I'm thinking about that post and also thinking about the TV commercial from Education Reform Now, purportedly featuring real live New York City teachers who have already given up the ghost on trying to prevent layoffs wholesale and are campaigning with Joel Klein and Friends to change seniority policy. And I wonder, as I always do, why "It's about the kids," as all of the teachers in the commercial earnestly explain, is taken so much at face value. Dishonoring agreements and cutting back on reasonable job protections and benefits hardly seem to be in the interest of children, and the statement sets up an unspoken but obvious straw man in the form of teachers who dare to question to the brave new world of education "reform."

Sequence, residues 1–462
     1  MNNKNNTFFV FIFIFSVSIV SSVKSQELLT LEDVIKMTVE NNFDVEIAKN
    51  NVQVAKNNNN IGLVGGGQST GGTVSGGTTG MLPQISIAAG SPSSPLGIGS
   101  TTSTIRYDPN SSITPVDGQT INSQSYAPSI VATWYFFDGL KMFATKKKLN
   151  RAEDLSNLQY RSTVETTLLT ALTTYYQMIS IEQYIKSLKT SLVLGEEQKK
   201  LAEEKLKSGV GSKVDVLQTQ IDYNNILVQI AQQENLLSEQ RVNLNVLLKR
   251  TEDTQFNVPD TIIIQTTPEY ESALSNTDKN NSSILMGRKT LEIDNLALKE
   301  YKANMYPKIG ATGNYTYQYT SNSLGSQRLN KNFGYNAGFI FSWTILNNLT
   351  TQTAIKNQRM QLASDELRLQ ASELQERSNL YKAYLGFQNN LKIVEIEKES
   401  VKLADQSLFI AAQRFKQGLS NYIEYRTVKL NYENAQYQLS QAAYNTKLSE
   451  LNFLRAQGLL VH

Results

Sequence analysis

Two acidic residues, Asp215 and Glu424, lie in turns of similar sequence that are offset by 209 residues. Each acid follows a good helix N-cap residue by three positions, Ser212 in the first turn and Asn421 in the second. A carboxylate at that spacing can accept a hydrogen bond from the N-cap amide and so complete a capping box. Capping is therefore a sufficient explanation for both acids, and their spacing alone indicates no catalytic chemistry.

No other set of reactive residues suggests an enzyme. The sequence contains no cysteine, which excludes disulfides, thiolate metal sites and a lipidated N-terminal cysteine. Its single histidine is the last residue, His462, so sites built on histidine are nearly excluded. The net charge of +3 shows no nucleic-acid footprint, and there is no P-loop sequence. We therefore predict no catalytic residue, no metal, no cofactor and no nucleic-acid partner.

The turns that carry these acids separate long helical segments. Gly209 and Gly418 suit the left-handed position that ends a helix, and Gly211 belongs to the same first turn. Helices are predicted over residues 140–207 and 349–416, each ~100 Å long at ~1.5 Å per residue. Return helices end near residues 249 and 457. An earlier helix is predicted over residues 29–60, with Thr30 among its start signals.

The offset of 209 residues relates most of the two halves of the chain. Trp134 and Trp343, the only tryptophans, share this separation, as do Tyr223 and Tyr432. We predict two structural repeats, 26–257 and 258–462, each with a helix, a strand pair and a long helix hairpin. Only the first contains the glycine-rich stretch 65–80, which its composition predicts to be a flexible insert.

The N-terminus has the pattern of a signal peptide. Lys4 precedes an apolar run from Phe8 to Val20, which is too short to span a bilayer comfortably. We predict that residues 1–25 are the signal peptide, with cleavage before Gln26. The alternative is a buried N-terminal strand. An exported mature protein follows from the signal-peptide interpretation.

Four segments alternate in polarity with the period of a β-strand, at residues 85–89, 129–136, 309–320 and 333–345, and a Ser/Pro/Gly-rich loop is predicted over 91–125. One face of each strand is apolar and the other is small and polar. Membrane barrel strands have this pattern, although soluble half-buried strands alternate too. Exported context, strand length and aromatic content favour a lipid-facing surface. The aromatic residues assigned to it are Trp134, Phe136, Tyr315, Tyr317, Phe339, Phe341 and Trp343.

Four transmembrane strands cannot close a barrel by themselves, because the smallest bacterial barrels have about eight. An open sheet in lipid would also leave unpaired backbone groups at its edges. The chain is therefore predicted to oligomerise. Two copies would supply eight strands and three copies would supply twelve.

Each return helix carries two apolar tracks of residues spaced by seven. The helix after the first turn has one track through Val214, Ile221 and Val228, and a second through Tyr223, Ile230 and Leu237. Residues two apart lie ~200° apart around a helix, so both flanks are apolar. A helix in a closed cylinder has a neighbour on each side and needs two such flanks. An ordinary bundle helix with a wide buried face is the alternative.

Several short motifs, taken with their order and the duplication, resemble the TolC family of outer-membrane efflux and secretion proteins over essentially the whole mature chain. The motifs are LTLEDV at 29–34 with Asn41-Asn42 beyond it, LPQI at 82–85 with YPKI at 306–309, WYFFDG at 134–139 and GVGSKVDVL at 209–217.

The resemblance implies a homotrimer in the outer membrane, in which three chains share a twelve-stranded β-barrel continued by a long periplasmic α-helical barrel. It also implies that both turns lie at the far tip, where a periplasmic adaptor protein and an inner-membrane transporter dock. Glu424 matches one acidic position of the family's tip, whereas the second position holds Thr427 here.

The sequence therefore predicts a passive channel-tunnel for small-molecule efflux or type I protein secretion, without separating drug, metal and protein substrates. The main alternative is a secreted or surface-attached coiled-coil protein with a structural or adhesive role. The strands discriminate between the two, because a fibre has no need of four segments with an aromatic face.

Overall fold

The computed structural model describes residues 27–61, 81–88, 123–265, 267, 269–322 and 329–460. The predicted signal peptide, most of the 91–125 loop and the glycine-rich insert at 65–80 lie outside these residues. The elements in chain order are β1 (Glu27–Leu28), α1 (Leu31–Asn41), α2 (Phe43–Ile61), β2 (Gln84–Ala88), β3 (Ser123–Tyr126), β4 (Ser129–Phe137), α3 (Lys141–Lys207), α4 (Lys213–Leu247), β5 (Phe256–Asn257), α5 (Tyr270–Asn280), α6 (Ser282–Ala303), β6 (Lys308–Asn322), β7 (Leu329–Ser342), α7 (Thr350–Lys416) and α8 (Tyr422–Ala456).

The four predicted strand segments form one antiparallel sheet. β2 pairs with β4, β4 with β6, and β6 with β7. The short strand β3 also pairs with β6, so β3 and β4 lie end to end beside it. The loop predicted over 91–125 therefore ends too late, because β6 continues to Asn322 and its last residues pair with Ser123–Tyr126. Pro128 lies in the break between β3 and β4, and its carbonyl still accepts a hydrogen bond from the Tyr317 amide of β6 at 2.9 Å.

I wish I could respect these folks for sharing their opinions so publicly, but I can't help but wonder what else they feel they have to gain. I wonder if, in some sense, they feel that they're saving their own skins by jumping over to the other side. And there's no shame in wanting to protect one's own skin, of course. But when you're cloaking that desire in "It's about the kids," well, I fail to see how that's any better than being honest about it.